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Jewish Revival in the Birthplace of Hip-Hop

Chabad opens a center in the South Bronx

When Rabbi Choli and Chana Mushka (Alevsky) Mishulovin first drove through the neighborhoods of South Bronx, they weren’t sure about setting up a Chabad center among the graffitied buildings.

In the 1960’s, South Bronx had been a thriving, middle-class neighborhood where close to half of the population was Jewish. As crime rose, Jews began leaving. Twelve years ago, the last surviving shul closed its doors. Choli says it’s hard to know how many of today’s South Bronx residents are Jewish. “The Jews here keep a low profile—there isn’t even a single kosher store or shul where they can meet.”

The couple first broached the idea of establishing a Chabad presence in the birthplace of hip hop eighteen months ago. The local response to the idea was discouraging. “There aren’t nearly enough Jews here to make the move worthwhile,” the young couple was told. “You won’t even have enough people for a minyan.” But the Mishulovins now host a monthly minyan in their home.

A menorah at Third Avenue bridge, connecting Manhattan to the Bronx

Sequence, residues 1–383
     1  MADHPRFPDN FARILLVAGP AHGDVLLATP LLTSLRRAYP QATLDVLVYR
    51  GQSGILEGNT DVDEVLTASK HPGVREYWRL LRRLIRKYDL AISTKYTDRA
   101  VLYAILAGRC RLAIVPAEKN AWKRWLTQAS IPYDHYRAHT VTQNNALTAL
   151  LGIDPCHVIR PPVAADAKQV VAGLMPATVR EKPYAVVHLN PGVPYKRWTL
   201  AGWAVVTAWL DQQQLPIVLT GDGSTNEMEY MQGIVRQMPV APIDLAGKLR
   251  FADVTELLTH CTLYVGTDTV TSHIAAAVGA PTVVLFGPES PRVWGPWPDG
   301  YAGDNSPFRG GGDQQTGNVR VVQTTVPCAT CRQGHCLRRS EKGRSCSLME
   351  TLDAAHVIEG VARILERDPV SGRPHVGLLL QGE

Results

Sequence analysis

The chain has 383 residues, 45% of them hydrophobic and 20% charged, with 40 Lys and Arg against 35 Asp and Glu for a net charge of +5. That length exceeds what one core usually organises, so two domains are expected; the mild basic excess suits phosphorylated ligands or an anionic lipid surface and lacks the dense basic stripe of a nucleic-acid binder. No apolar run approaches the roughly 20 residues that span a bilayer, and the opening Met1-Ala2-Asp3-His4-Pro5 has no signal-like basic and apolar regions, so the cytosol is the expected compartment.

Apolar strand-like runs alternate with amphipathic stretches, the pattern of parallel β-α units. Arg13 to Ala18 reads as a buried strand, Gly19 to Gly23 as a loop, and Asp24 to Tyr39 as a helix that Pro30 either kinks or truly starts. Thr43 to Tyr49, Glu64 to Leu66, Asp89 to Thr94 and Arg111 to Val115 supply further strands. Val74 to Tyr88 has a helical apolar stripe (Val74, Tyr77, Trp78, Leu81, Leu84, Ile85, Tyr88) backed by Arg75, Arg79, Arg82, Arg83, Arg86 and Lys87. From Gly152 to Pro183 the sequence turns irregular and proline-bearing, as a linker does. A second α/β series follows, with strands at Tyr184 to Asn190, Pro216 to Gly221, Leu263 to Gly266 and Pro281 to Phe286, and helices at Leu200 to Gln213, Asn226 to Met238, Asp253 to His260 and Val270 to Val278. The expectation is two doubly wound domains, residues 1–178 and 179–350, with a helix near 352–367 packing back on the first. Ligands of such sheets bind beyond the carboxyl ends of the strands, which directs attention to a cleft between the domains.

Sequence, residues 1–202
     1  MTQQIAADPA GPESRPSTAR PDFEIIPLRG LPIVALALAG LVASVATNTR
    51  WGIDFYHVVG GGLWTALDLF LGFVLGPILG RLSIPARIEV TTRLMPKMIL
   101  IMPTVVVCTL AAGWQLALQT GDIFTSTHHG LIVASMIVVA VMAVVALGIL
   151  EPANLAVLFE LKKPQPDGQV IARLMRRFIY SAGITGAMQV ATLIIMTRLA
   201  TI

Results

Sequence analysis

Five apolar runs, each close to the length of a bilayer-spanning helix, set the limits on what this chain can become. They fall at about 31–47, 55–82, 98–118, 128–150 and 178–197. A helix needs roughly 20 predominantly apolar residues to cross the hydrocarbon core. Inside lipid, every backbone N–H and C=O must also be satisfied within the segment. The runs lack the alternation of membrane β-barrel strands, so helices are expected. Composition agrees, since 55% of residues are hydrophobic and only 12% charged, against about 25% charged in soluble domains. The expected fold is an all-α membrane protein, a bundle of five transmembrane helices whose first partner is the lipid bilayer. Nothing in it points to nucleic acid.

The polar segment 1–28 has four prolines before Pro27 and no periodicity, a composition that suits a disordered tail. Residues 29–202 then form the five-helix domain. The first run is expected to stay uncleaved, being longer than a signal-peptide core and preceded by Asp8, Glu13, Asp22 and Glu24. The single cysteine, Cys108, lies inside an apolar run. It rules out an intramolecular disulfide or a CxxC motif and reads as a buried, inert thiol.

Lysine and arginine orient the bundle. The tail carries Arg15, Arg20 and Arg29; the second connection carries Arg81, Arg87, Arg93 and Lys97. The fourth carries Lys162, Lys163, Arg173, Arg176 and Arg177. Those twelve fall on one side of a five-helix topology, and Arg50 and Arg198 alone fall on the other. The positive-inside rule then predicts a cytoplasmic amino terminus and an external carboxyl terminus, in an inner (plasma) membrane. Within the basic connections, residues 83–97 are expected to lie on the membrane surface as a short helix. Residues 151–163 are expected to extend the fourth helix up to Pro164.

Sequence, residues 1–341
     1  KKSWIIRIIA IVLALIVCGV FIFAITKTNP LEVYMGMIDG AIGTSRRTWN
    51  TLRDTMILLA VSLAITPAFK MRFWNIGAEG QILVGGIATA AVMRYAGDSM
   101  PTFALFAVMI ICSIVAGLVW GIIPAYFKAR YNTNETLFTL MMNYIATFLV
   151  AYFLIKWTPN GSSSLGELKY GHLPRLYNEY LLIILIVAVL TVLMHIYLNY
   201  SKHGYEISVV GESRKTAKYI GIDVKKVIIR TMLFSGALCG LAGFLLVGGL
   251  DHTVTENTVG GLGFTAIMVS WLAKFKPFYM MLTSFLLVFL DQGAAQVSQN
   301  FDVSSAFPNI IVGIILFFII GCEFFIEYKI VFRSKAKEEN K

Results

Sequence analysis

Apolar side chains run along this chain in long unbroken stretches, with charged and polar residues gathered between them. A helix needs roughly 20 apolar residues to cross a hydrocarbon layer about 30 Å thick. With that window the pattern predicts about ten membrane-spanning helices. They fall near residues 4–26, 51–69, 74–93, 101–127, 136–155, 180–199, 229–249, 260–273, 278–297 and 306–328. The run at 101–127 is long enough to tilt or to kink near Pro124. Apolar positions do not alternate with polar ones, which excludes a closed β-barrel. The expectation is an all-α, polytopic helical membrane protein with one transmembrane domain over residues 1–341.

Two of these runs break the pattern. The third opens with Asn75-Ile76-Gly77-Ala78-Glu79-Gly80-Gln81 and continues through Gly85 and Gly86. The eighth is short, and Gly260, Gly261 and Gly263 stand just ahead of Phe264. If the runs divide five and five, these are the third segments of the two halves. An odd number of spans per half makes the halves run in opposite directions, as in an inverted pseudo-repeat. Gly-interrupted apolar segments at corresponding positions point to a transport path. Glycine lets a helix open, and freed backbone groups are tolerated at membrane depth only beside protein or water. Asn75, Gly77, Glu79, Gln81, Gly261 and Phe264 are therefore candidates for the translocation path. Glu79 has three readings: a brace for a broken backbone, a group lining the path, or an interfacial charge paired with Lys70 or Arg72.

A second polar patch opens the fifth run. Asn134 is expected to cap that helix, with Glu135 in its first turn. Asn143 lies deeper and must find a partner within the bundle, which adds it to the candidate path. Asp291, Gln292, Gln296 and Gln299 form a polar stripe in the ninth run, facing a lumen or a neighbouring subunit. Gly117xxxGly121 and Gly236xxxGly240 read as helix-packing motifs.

“One of the first things people here will tell you is that there was never active outreach to engage unaffiliated Jews,” Chana Mushka shared with Choli and Chana Mushka are looking to change that by nurturing a sense of community. Along with their toddler sons, Mendel and Levi, they seek out their Jewish neighbors and invite them to a Friday night meal, Torah class, or women’s event.

South Bronx is a hub for artists, and the Mishulovins embrace that in their outreach. At a recent women’s program, Chana Mushka brought a Chasidic artist to speak about the mysticism of the Aleph-Bet. The turn-out was small, but that didn’t discourage the couple.

Choli and Chana Mushka are thrilled that the South Bronx is in fact home to a larger Jewish population than they expected; they meet someone new almost every week. Some are elderly Jews who never left; others are working-class families or young professionals who recently moved in to take advantage of new housing and the close commute to Manhattan. Most residents are excited and surprised to see a rabbi pushing his kids on the swings at the local playground. “Everyone we meet thinks that they are the only Jew here,” Choli shares.

Rabbi Mishulovin quotes a teaching from the Lubavitcher Rebbe about the power of reaching each individual Jew, based on a verse in Isaiah—“And you shall be gathered one by one, O children of Israel.” The rabbi and rebbetzin would love to eventually open a school and find a permanent spot for their Chabad center. For now they are focused on working with individuals, one by one.

To learn more about the Mishulovins and Chabad of the South Bronx, visit

At a “women’s circle” event in the Mishulovin home

At the Bronx Brewery

A sukkah with a view

Pieceing together a menorah

A Purim party


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